Carrying on Chan Self-Cultivation versus Involving in Secular Activities

发布日期:2017-08-25   字体大小:   
It was in the course of cultural exchange between India and China that Chinese Buddhism was born. In recent decades the population of Shaolin Monastery has been enthusiastically taking part in the initiative of associating a Buddhist votary's execution of his self-cultivation program with his preaching activities. The initiative entails his stay in frequent contacts with the multitudes and his involvement, to some extent, in their social life. Consequently more and more secular people are attracted by and drawn to religious activities hosted by the monastery. This has induced more and more lay people to become interested in and know more about Buddhism. Likewise our monastic population is thus led to know more about the laity, to whom the monastery has been preaching the gospel of universal salvation. As a result, to adapt himself to the requirements of the preaching duty he has to fulfill, a Buddhist votary of our monastery has to modify more or less his original way for executing his self-cultivation program. But this is merely a modest change in the way for executing his self-cultivation program, rather than a change in the program itself. Therefore the tradition of Shaolin Monastery has been kept intact since it has not been subjected to any change. And the monastery is clearly aware that science and technology can be and must be used to promote the development of traditional Chinese culture. What we abide by unswervingly is this: Neither the tradition of Shaolin Monastery nor the quintessence of a Buddhist votary's self-cultivation program is allowed to undergo any modification.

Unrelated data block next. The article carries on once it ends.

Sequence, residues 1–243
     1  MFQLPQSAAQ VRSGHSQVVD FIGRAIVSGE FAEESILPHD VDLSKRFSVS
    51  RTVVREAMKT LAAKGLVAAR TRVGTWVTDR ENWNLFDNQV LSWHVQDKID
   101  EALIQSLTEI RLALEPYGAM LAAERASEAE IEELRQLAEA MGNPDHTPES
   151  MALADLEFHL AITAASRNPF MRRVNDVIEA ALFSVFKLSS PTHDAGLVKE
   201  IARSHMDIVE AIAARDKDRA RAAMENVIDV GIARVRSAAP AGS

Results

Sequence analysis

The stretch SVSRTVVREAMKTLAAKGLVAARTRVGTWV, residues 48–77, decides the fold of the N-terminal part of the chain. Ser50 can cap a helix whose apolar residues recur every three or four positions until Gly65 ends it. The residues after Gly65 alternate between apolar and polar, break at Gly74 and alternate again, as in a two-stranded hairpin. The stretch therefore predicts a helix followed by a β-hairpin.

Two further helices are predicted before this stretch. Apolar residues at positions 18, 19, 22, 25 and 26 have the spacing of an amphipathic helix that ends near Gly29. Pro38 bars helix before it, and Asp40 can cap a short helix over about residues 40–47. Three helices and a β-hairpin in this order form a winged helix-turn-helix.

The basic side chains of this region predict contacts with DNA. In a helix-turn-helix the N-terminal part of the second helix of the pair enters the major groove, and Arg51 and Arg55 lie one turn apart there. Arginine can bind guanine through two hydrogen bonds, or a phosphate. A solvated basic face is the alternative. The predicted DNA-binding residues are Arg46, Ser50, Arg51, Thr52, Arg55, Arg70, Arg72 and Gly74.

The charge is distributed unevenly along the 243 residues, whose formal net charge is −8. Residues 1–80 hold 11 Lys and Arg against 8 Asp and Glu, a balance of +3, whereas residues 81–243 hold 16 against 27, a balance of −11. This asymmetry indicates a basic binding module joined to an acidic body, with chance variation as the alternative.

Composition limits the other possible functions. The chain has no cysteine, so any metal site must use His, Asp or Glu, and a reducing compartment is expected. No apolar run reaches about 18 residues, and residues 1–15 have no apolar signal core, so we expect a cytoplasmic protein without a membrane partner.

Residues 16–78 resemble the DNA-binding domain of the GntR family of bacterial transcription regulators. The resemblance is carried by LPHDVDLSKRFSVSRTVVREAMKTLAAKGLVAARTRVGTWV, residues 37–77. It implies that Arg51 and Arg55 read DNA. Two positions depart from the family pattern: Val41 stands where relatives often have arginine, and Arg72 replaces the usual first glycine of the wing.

To practice self-cultivation in seclusion is not at all a right path to follow for a Buddhist votary. In his Platform Sutra, Hui Neng, the Sixth Patriarch of the Buddhist Chan Order, points out: "The supreme truth shines in the world of sentient beings. Apart from the world of sentient beings you can nowhere else attain the knowledge of the supreme truth." It is obligatory for us, Buddhist votaries, to frequent the world of sentient beings and pass part of our time in the midst of the multitudes. So long as we are always keenly conscientious about our pledge to faithfully carry on our self-cultivation and sincerely abide by the pledge, and so long as we can well adapt our self-cultivation practice to the specific circumstances of the secular life which the multitudes are leading, we can deliberately turn the said circumstances into a touchstone for testing our probity and fortitude in pushing ahead with our self-cultivation in the context of social life of the laity. I sincerely pray that all Buddhist votaries across our country can have the insight into the truth of the motto that "Buddhism never evades the world of sentient beings". Had Buddhism ever sought to evade the world of sentient beings, it would have vanished from the surface of the earth long ago. (From My Heart My Buddha)